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UM's Howard on jersey retirement: 'I wanted to make 21 significant'

Angelique S. Chengelis
The Detroit News
Desmond Howard


Ann Arbor -- When Desmond Howard was a receiver at Michigan, people used to ask him why he never wanted to switch to the No. 1 jersey.

After all, Anthony Carter had a distinguished career as a receiver wearing that number and had set the bar high for future Wolverines who might covet that jersey.

But Howard liked his No. 21.

“I wanted to make 21 significant,” Howard said Tuesday in a phone interview after Michigan revealed his number will officially be retired after the final game of the season. “To be honest, when I see people wearing the No. 1 jersey, AC didn’t win the Heisman, but he was still the deal. He was that dude. He set the standard. You were measured by AC. Now they can run around here wearing 21.”

Howard won the 1991 Heisman Trophy, graced the cover of Sports Illustrated, has been inducted into the College Football Hall of Fame and is now a college football analyst for ESPN and a member of the "College GameDay" crew.

And on the biggest day of the football regular season, the annual rivalry game between Michigan and Ohio State, where Howard struck the Heisman pose after returning a punt 93 yards for a touchdown in a 31-3 victory over the Buckeyes, he will have his number officially retired. Michigan announced Tuesday it will honor Howard and the program’s five previously retired jerseys on Nov. 28 at Michigan Stadium when the rivals meet.
In 2011, Michigan began to return its retired numbers to game-day circulation and called them “Legends” jerseys. Players were selected to wear the numbers of Heisman Trophy winner Tom Harmon (98), Gerald Ford (48), Ron Kramer (87), Bennie Oosterbaan (47) and the Wistert brothers, Albert, Alvin and Whitey (11). Their jerseys featured a special patch, and they dressed at special lockers honoring the legends. Howard’s number, although not officially retired, was included as a Legends jersey.

Howard said he was aware that Michigan was considering retiring his No. 21.

“That was something that was always brought up, but I wasn’t putting any pressure on anybody to retire it,” said Howard, who played on four Big Ten title teams and in three Rose Bowls. “That’s not my place to make that type of decision.

“But people around the country with the GameDay gig, they’d ask me, ‘When are they going to retire your jersey?’ For me, to be honest, just being mentioned with some of those great players was a huge honor. It was nothing I ever set out to do. I set out to be the best player I could be. To coach (Gary) Moeller’s credit, it wasn’t like he featured me. We didn’t become a pass-happy team. We still ran the ball. Everything happened within the flow of the offense. Did we take risks? Yeah, fourth-and-1 against Notre Dame was a calculated risk, but it wasn’t like they threw me 20 passes that game.”

The re-retiring of the numbers will affect only one player, linebacker Desmond Morgan, who was wearing No. 48 to honor Ford. Michigan interim athletic director Jim Hackett said he reached the decision to remove the Legends designation, which had been hatched in 2011 by former athletic director Dave Brandon, after a discussion with the players.

“During the search process for our new football coach, I had a meeting with the Michigan football team and they expressed their feelings associated with wearing these legendary jerseys,” Hackett said in a statement Tuesday. “At one end of the spectrum they are awed by the legacy of the men who wore them and at the other end of the spectrum, and as part of a team sport, they wondered why we would call attention to one of our team members.”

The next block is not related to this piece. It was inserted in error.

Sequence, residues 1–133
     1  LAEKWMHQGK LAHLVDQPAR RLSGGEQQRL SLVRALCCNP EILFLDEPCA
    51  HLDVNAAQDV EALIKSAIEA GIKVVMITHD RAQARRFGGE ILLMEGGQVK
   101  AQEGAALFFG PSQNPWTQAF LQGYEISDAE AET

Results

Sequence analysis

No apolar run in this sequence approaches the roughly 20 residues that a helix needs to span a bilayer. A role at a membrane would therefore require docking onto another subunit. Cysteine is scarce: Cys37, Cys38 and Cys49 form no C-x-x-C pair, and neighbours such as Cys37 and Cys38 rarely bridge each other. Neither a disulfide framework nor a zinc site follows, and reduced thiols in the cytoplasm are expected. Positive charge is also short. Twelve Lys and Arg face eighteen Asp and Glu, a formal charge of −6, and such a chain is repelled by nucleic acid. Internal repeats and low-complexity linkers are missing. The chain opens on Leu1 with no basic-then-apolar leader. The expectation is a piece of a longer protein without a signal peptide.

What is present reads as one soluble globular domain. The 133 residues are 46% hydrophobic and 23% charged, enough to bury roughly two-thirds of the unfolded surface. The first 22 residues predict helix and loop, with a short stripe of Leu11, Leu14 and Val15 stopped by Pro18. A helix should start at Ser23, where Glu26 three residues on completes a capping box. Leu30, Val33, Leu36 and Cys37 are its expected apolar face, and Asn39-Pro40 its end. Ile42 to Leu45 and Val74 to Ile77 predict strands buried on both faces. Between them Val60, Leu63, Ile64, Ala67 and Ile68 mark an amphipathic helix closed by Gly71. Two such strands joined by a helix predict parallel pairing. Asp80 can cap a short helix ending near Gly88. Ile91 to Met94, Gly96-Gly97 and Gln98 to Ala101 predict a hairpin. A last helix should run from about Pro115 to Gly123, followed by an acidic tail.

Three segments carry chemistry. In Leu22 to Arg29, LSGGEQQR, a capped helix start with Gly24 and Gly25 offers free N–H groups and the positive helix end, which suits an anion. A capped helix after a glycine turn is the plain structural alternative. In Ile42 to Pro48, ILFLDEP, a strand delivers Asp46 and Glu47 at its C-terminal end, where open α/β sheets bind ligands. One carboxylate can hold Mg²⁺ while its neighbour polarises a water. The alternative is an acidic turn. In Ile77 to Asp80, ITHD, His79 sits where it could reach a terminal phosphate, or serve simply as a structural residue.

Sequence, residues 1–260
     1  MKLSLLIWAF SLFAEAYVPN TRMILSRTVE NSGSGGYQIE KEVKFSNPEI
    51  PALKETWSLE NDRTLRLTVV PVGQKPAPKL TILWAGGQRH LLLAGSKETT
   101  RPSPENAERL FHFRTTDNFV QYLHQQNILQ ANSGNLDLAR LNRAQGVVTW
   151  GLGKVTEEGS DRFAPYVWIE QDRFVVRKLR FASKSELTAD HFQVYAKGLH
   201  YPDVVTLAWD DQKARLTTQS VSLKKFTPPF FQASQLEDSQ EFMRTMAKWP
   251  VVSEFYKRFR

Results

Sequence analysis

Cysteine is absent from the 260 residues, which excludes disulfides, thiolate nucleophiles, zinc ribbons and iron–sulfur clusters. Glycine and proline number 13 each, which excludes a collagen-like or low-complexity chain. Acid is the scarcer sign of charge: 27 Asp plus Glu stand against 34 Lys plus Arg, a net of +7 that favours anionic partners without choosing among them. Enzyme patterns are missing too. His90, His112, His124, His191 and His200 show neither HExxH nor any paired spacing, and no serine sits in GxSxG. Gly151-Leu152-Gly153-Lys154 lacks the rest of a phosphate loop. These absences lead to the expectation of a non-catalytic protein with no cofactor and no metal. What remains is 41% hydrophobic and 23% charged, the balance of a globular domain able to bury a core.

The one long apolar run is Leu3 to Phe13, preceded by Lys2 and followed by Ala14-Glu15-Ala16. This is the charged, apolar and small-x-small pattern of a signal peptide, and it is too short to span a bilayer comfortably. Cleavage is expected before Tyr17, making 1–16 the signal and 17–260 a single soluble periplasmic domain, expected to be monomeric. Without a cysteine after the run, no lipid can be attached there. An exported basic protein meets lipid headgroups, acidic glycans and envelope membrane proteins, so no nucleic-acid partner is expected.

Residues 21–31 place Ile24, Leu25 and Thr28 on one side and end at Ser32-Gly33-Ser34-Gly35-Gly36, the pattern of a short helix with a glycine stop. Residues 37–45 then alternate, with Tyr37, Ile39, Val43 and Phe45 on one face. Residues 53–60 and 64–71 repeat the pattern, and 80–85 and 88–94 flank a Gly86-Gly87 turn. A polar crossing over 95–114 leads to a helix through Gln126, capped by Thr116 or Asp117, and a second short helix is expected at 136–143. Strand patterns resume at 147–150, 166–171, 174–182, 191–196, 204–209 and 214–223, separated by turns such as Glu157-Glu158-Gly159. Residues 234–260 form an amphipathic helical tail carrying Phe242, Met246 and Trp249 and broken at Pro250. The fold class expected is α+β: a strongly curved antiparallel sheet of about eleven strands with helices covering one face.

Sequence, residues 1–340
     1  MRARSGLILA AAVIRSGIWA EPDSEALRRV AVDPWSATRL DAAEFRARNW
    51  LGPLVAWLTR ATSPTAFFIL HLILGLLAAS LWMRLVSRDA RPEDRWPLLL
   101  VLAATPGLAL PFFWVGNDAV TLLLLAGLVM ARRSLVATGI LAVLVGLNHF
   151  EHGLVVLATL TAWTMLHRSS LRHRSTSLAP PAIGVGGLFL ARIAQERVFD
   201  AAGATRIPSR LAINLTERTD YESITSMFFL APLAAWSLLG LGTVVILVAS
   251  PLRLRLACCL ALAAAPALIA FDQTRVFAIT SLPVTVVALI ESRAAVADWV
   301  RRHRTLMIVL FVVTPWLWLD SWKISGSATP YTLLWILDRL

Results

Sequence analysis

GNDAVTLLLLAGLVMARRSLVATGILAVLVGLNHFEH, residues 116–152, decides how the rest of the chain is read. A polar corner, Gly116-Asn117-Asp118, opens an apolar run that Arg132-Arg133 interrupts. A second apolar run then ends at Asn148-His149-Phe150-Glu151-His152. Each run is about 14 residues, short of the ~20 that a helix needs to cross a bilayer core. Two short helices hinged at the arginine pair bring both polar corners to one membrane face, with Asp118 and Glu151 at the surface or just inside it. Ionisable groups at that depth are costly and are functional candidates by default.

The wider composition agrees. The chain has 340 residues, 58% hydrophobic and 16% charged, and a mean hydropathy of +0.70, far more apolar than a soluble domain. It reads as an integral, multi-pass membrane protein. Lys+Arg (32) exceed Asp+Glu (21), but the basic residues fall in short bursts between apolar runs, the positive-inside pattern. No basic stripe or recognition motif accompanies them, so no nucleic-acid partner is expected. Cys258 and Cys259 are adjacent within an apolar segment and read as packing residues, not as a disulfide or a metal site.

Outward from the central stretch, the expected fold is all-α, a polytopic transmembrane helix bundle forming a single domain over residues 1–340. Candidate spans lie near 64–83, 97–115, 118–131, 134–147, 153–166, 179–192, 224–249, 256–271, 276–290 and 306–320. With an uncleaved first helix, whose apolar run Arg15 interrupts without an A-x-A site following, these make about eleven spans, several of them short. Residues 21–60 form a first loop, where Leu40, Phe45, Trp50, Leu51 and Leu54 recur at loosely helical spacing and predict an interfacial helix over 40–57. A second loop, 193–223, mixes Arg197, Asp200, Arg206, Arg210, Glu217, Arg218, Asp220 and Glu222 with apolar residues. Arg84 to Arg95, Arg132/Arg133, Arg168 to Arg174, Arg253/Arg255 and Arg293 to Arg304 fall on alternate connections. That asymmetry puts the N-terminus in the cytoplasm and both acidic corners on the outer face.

The No. 98 made legendary by Harmon was the last to be designated and it went to former quarterback Devin Gardner. Hackett said in his conversations with Harbaugh it was clear a decision had to be made about where to go with the Legends.

“I brought this issue to our new head coach Jim Harbaugh. He agreed with me that it needed a review," Hackett said. "I then talked to the families of these great Michigan players. I called them directly and laid out the paradox of seeing players as a team and the due respect to these individual great players. The right plan is to retire them and display them in Towsley Museum, which is connected to Schembechler Hall. Because we don’t have the display area inside the stadium, we have found an area on the concourse where fans can see and honor these retired jerseys.”

Howard is hopeful he can attend the ceremony at Michigan Stadium. The Ohio-native appreciates that it will be held that day when Michigan and Ohio State, what he considers the most significant rivalry in the country, will be played.

“I work on Saturdays -- if you all haven’t noticed, I have a gig on Saturdays,” Howard said laughing, when asked if he will be there. "I think from an aesthetic standpoint it’s probably the most significant game to have that honor. I’m from Ohio and entrenched in the rivalry. I did things people will remember as long as these teams keep playing each other in those games. What that game means, not only to Michigan and Ohio State, but what it means to college football. It’s the biggest rivalry in college sports.”

Howard’s is the sixth jersey to be retired at Michigan. Charles Woodson, the 1997 Heisman Trophy winner who wore No. 2, in all likelihood would be the next to be retired.

“That would be the first box on the checklist for me,” Howard said. “That may trump a whole lot of other things on that check list.”